We decided it was time to place some bets, and most importantly get some wine. Now, I don’t like to spend a lot of money when I gamble, and I have met many people who thinking gambling is a complete waste of money. To that, I say, the movies can cost almost $50 these days, for two people, with popcorn and a soda, and that is just two hours of entertainment. You can easily spend less than that, placing a minimum $2 or 2 euro bet on a few races in an afternoon. And the races last more than two hours! Imagine how much fun it is when you win, even if you only win a little bit. That first day, I did win, and I would have won more, but one of my friends placed a bet for me incorrectly. An important lesson, always place your own bets. How to bet on horses is complicated to explain and much better done in person. Just know that the people taking bets are happy to explain how it works, but won’t have any tips for you. I recommend just starting with picking one horse to win for fun.
Story Number Two:
One of my roommates in Angers had a horse. When I first moved in, she offered to take me riding with her horse sometime. Now, in some cultures, people offer to do things, and it never happens. I learned in France if someone offered to do something for you, they always meant it, and you should always take them up on it. I wore some old clothes and went with Anne to the stables where her horse was. She was an older stubborn mare, but was spotted, gray and magnificent. We ran her a bit, Anne teaching me the French words to get her to run faster and slower. Then, it was time to saddle her up. I was surprised how much I remembered from when I was younger, but I still followed Anne’s instructions.
As Anne, the horse, and I all got more comfortable, we decided to trot the horse, and no one is sure what happened next, but the horse ran off the path, into a ditch, I was flung off, and luckily just landed in some mud. Anne’s face was mortified as she got her horse under control, and she was worried I was hurt. By the time she got to me, I was laughing so hard, she realized I was fine, started laughing herself. The horse was probably the most shook up, asking itself, “Who is this strange lady riding me?” When we were done, we took the horse in, cleaned her hooves, brushed her, and I enjoyed this part just as much as everything else we had done.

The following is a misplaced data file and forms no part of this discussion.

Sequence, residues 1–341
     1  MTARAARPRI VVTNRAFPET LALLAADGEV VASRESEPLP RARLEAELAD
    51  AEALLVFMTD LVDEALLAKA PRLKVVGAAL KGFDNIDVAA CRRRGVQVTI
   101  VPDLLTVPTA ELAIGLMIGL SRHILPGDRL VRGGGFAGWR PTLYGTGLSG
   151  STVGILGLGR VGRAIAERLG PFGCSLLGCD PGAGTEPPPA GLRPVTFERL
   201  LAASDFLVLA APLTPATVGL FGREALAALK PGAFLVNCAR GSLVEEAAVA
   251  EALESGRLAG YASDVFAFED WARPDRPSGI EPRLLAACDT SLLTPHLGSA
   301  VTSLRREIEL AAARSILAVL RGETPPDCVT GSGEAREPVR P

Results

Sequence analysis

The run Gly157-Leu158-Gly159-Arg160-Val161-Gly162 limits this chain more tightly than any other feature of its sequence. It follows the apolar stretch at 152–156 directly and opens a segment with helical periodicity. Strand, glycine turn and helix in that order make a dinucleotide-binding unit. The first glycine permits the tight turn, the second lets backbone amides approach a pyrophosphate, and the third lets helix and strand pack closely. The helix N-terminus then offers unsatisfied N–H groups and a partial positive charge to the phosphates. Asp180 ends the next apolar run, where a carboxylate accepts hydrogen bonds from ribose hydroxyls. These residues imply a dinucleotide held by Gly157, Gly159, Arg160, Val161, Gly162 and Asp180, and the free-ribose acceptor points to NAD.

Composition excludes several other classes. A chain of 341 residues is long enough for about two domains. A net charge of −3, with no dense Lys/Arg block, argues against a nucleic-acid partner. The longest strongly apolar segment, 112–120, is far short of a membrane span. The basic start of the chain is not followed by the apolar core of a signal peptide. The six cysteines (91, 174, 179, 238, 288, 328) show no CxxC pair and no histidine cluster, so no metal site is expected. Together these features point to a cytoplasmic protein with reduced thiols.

My last tale about horses for today has to do with a unique kind of horse only found in Iceland. I spent a week in Iceland, and will be sharing a post about my time there soon, but I just want to mention the horses, because they are incredible. I also regret not getting to ride the horses while I was there, as there are many tours offered that will take you horseback riding. Bucket listed. So what makes the Icelandic horses so special?
First of all, as with many islands, you cannot bring other plants or animals to the island. Islands have unique ecosystems, that can be devastated by the introduction of a new species. The horses in Iceland developed alone, so they have no immune systems to speak of. In order to protect them, once a horse is taken off the island, it cannot return. No outside horses may come, and all horse equipment has to be sterilized upon return. These horses also developed a special canter. The horses do not bob up and down while you ride them. They are smaller than most other horse breeds, which is interesting when you try to imagine large Vikings riding them. They were so prized and respected by the warrior Vikings, that they would be buried alongside them. They have been bred on the Island for over 1,000 years.
In summary, equestrianism has some shared similarities across countries and cultures, and in other places, they are as original and unique as the culture itself. I will always be fascinated by this animal and enjoy hearing all the different stories that surround them. I most enjoy being anywhere near them, especially with a bag of carrots in hand. That is universal horse speak for, “I would like to be your friend”.